What I’m doing today is again highlighting that failure of the RA board to fulfil its basic reason for existence: to provide organisational and strategic leadership alongside a governance structure, and then holding an executive group to account for delivering it. Why? Because that lack of strategic vision, that complete lack of a plan, clue or even a vaguely decipherable aspiration, was evidenced glaringly on the weekend just gone. How so? As even the most casual observer putting an eye over the weekend’s contestants in France would no sooner have put the Wobblies in that mix as they would let their own child participate in the annual running of the bulls in Pamplona. Why would that be? Because the outcome would only be good for safety inductions and YouTube clips.
To be clear, I don’t doubt our lads’ hearts or bravery. For that matter, I don’t doubt their pectoral muscles or their supremely well honed fast-twitch fibres either. Nor do I doubt their ability to train well in the rarefied atmospheres of exquisitely well kitted-out gymnasiums, or attain demi-god-like KPIs for 10 metre sprints or burpees or double-round-out-flick-flaks worthy of Nadia Comăneci on a training field.
But when I saw on display over the weekend not just the raw athleticism but the rugby nous, the tactics employed within tactics, the intelligence to recognise an opponent’s game plan and a referee’s pedantry, and more importantly, the ability to respond to an opponent’s play and shift your own tactics accordingly, I was forced to acknowledge the full depth of our demise at its most stark reality.
Frankly, I’m happy we weren’t on those French fields over the weekend, against any of those opponents, because I fear the result would have been mortifying if we were.
So again, here today I question the raison d’être of the RA board. And in doing so, I ask is the current board doing its job? And if not, then for what it’s worth, I say they should resign en masse. I’d suggest two tranches: one group to resign immediately as a show of contrition and intent (I won’t bother with ‘good faith’), and the other in (say) twelve months time after replacements have been identified, whatever paltry handover there is was done (like where did someone hide the liquor cabinet key), and most importantly, RA’s governing framework has been changed to recognise and institute some accountability and feedback mechanism to the grassroots rugby ranks of Australia.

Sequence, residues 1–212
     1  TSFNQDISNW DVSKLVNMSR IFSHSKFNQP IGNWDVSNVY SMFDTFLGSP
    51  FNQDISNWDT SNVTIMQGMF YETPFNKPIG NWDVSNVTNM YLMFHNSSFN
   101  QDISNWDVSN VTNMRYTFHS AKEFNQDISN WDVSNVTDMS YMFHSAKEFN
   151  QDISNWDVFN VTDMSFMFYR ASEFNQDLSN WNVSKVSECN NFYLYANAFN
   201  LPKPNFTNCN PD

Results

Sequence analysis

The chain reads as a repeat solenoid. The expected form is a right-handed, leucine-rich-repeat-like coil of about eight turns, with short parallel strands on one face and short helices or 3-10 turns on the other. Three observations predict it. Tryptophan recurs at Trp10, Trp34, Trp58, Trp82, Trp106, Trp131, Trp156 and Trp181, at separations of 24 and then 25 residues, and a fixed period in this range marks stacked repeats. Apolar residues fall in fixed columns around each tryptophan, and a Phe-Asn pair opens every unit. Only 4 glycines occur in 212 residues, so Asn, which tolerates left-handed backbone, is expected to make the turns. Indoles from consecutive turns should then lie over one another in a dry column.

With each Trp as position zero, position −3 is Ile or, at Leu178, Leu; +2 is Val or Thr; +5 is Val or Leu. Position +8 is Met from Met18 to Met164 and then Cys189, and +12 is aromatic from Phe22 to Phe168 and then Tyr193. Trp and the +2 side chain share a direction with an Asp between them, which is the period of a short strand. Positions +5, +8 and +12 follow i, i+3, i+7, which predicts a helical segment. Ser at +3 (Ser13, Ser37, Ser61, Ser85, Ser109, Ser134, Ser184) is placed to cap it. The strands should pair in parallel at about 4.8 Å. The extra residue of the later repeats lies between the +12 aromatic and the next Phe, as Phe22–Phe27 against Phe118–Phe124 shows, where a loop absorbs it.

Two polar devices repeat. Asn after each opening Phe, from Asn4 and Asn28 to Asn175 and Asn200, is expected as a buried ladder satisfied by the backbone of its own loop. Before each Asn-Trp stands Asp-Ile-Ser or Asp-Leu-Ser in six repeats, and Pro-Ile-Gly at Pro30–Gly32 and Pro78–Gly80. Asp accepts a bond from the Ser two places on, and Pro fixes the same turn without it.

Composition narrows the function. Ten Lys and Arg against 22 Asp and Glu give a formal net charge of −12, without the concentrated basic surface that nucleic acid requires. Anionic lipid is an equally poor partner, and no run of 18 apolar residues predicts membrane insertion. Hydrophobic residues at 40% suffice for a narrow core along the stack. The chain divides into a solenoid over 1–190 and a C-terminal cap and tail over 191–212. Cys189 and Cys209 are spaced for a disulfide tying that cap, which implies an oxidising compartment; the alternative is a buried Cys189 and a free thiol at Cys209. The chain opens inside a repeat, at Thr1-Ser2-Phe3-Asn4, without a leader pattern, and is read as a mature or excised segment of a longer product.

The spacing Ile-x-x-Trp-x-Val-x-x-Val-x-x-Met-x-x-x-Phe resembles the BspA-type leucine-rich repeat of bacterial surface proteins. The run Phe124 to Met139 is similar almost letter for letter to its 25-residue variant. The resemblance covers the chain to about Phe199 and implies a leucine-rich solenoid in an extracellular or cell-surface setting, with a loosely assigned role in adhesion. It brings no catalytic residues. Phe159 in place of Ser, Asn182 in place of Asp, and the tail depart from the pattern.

Some may say that I’m being harsh. Some may say the folk on the board are good folk, undeserving of such criticism. To that I say they probably are good and well-meaning folk. They probably do work hard. And they’ve likely been good servants to Aussie rugby. But I’ll still ask, what did they work hard at? To what ends have they been a good servant? What have they achieved? What is their legacy as we stand here staring at the dystopian, factionalised, distrustful wasteland that rugby in Australia finds itself in?
You see, someone can swing a hammer at a block of granite all day, and that’s working hard surely. But if it isn’t achieving anything, if the rock is still blocking the road, then what’s the point in just keeping on swinging the hammer? And if someone were hired to move the granite block out of the road, and all they’re doing is standing there swinging a hammer, then I don’t care how hard they have worked (or trained), they haven’t fulfilled the brief.
So while I was entertained by the quality of rugby on display over the weekend to the point where my cup did surely runneth over, I was also primed in equal measure to a level of sadness when considering our own current parlous level of play. This was followed by a level of resolution that our only way out of this mire is to start with a clear plan and vision regarding who, what and where rugby is in Australia, where it’s going, why, and how we’re going to get there.
And that sort of clarity in vision and strategy comes from the board.
And the board has, self evidently, not been delivering.
So they need to go.